Quotations – Total war

These World War I quotations about total war have been compiled by Alpha History authors. They feature statements from contemporary figures, political leaders, military commanders, service personnel, anti-war campaigners and historians of World War I. We will update this page with new quotes from time to time. If you would like to suggest a quotation, please contact Alpha History.

“It is without doubt largely due to drink that we are unable to secure the output of war material needed to meet the requirements of the army. The King will set the example by giving up all alcoholic liquor himself, and issuing orders against its consumption in the royal household, so that no difference shall be made between the treatment of rich and poor.”
George V, British king, August 1914

“All through the war the great armament firms were supplied from the enemy countries. The French and the British sold war materials to the Germans through Switzerland, Holland and the Baltic neutrals, and the Germans supplied optical sights for the British Admiralty. The armament industry, which had helped stimulate the war, made millions out of it.”
C.J. Pennethorne Hughes, historian

“I think a curse should rest on me because I love this war. I know it’s smashing and shattering the lives of thousands every moment, and yet I can’t help it — I enjoy every second of it.”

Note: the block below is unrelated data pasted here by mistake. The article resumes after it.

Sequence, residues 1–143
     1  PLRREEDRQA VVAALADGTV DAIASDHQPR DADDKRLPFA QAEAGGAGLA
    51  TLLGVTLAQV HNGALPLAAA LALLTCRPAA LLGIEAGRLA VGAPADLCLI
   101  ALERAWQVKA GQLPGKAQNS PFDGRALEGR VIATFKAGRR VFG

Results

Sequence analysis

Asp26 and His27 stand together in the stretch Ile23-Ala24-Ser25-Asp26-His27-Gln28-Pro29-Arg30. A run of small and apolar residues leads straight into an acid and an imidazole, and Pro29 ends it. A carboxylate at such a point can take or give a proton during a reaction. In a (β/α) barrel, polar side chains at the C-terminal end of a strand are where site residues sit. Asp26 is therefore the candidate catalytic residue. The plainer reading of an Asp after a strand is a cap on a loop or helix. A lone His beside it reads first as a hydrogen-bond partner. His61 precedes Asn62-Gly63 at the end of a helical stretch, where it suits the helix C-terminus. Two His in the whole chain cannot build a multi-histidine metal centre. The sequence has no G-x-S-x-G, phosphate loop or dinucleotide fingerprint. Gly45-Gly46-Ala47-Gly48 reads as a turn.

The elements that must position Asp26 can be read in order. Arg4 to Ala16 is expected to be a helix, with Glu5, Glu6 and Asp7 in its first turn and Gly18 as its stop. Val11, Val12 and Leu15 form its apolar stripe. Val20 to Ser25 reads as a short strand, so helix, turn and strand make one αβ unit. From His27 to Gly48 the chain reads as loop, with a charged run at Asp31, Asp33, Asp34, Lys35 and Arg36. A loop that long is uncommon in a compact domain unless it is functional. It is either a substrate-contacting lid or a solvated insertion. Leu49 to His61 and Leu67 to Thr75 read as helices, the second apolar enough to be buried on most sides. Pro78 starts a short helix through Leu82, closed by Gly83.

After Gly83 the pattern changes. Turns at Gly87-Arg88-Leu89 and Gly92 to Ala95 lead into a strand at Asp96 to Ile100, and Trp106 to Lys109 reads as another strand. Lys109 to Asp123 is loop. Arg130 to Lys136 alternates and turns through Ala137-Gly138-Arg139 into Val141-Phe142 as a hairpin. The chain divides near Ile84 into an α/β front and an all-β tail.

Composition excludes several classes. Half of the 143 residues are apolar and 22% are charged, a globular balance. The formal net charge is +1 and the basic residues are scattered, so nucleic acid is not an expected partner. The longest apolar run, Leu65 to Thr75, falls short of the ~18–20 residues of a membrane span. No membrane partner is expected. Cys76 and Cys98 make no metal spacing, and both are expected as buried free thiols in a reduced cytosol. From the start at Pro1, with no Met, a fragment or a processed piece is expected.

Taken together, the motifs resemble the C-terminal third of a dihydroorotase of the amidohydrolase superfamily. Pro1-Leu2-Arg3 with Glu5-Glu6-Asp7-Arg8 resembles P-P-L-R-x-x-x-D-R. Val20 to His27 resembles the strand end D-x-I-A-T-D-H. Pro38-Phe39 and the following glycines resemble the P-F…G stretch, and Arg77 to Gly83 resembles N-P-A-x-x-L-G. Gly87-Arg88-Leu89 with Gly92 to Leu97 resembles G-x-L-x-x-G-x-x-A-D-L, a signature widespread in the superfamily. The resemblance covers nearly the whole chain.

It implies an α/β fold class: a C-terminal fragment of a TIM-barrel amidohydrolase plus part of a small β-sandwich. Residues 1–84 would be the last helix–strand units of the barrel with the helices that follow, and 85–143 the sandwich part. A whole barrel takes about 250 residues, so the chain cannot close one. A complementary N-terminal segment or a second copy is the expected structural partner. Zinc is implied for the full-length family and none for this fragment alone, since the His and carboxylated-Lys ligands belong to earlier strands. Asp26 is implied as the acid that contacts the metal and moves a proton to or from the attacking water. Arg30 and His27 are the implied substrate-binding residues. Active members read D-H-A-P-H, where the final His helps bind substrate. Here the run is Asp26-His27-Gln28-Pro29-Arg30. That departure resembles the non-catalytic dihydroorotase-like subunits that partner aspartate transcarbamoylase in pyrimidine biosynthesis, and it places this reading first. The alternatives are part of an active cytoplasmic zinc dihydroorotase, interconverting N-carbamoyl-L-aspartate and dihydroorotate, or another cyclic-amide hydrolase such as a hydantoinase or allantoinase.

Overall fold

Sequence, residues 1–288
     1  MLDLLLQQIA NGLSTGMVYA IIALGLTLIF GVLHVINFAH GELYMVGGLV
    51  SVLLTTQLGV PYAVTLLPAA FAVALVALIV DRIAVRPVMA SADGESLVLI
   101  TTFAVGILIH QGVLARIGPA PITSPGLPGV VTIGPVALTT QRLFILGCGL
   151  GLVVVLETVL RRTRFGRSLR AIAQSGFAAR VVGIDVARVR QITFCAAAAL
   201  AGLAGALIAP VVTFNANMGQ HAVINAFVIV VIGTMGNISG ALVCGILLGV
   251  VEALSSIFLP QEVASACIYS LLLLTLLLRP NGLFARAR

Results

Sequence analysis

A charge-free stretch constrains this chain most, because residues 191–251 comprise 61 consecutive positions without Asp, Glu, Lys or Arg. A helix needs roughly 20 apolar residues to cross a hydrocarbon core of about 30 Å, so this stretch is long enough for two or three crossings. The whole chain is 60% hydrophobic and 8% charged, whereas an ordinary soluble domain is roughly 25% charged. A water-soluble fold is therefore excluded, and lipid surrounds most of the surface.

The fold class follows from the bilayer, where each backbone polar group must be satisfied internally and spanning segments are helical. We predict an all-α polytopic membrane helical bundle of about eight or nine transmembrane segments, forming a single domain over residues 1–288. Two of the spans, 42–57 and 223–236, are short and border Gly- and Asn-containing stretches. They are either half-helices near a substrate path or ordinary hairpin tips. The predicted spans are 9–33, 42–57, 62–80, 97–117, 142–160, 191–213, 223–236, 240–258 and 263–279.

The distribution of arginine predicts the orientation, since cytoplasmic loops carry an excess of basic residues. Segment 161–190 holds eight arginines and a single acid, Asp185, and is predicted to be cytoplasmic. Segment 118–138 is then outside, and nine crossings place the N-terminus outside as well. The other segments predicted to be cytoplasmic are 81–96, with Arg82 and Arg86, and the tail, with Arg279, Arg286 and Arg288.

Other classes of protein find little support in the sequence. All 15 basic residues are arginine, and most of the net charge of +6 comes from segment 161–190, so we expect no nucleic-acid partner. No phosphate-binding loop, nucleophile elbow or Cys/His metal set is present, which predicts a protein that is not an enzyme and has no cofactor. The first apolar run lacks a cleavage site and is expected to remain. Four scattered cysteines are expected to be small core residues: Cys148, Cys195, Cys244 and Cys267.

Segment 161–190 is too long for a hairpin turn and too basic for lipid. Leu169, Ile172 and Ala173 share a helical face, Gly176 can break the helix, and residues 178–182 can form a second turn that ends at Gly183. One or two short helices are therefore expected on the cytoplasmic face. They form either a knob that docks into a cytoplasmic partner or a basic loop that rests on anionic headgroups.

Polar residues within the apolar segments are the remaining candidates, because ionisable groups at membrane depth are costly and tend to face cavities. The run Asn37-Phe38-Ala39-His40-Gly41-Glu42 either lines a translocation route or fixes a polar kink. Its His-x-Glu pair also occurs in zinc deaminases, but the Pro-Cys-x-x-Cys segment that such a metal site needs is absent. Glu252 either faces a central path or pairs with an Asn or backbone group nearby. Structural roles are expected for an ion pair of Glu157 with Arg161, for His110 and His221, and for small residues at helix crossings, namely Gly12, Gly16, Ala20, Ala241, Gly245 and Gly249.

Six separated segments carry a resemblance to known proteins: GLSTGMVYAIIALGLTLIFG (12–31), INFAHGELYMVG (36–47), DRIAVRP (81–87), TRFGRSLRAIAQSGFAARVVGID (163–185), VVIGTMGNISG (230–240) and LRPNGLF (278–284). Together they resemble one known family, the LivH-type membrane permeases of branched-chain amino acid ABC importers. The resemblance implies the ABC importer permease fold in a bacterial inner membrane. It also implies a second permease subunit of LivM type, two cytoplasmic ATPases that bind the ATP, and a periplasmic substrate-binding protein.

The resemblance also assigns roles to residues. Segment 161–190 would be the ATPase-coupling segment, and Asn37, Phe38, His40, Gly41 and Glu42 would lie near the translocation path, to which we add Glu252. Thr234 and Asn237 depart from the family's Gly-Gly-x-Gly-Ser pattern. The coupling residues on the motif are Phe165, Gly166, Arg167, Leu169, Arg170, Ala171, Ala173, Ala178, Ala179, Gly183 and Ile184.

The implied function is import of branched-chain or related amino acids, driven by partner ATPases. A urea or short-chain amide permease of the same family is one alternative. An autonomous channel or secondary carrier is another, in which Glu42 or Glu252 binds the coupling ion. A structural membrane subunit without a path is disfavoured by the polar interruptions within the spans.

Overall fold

Winston Churchill, 1916

“I didn’t get much peace, but I heard in Norway that Russia might well become a huge market for tractors soon.”
Henry Ford, after a failed ‘peace mission’ to Europe, 1915

“Unless the British public takes the matter into its own hands and insists upon the dismissal of inefficient bunglers among the politicians, and at the War Office, we shall lose the support of our Allies [and] the enthusiasm of the Dominions. We shall waste the magnificent efforts of our soldiers and sailors – and eventually we shall lose the war.”
The Daily Mail, July 1915

“Lord Kitchener has starved the army in France of high explosive shells. The admitted fact is that Lord Kitchener ordered the wrong kind of shell… He persisted in sending shrapnel, a useless weapon in trench warfare… The kind of shell our poor soldiers have had has caused the death of thousands of them.”
Lord Northcliffe, British press baron, 1915

“A moment in our struggle for existence has now been reached, when government by some 23 men who can never make up their minds has become a danger to the Empire. The burden of administration in war makes demands on the body and mind which cannot possibly be supported by idle septuagenarians like Mr Balfour and Lord Lansdowne, or by such a semi invalid as Lord Grey of Fallodon… The notorious characteristic of our ‘government’ of 23 is indecision. It just waits till the press and the Germans have done something which forces it to decide in a hurry – and too late.”
The Daily Mail, December 1916

“The Great War was as much a war of competing blockades, the surface and the submarine, as of competing armies. Behind these two blockades the economic systems of the two opposing groups of countries were engaged in a deadly struggle for existence, and at several periods of the war the pressure of starvation seemed likely to [resolve the war before] the entrenched armies or the immobilised navies.”
J. A. Salter, historian


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